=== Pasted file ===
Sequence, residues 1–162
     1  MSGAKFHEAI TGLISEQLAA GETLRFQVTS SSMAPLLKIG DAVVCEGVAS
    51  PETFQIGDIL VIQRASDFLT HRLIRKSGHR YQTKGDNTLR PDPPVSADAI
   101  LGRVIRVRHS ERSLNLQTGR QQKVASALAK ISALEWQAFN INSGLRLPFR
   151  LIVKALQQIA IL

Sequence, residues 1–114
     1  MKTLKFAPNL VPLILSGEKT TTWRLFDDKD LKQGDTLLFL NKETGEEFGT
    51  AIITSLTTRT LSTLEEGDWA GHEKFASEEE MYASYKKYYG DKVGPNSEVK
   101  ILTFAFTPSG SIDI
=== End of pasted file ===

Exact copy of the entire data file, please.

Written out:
Sequence, residues 1–162
     1  MSGAKFHEAI TGLISEQLAA GETLRFQVTS SSMAPLLKIG DAVVCEGVAS
    51  PETFQIGDIL VIQRASDFLT HRLIRKSGHR YQTKGDNTLR PDPPVSADAI
   101  LGRVIRVRHS ERSLNLQTGR QQKVASALAK ISALEWQAFN INSGLRLPFR
   151  LIVKALQQIA IL

Sequence, residues 1–114
     1  MKTLKFAPNL VPLILSGEKT TTWRLFDDKD LKQGDTLLFL NKETGEEFGT
    51  AIITSLTTRT LSTLEEGDWA GHEKFASEEE MYASYKKYYG DKVGPNSEVK
   101  ILTFAFTPSG SIDI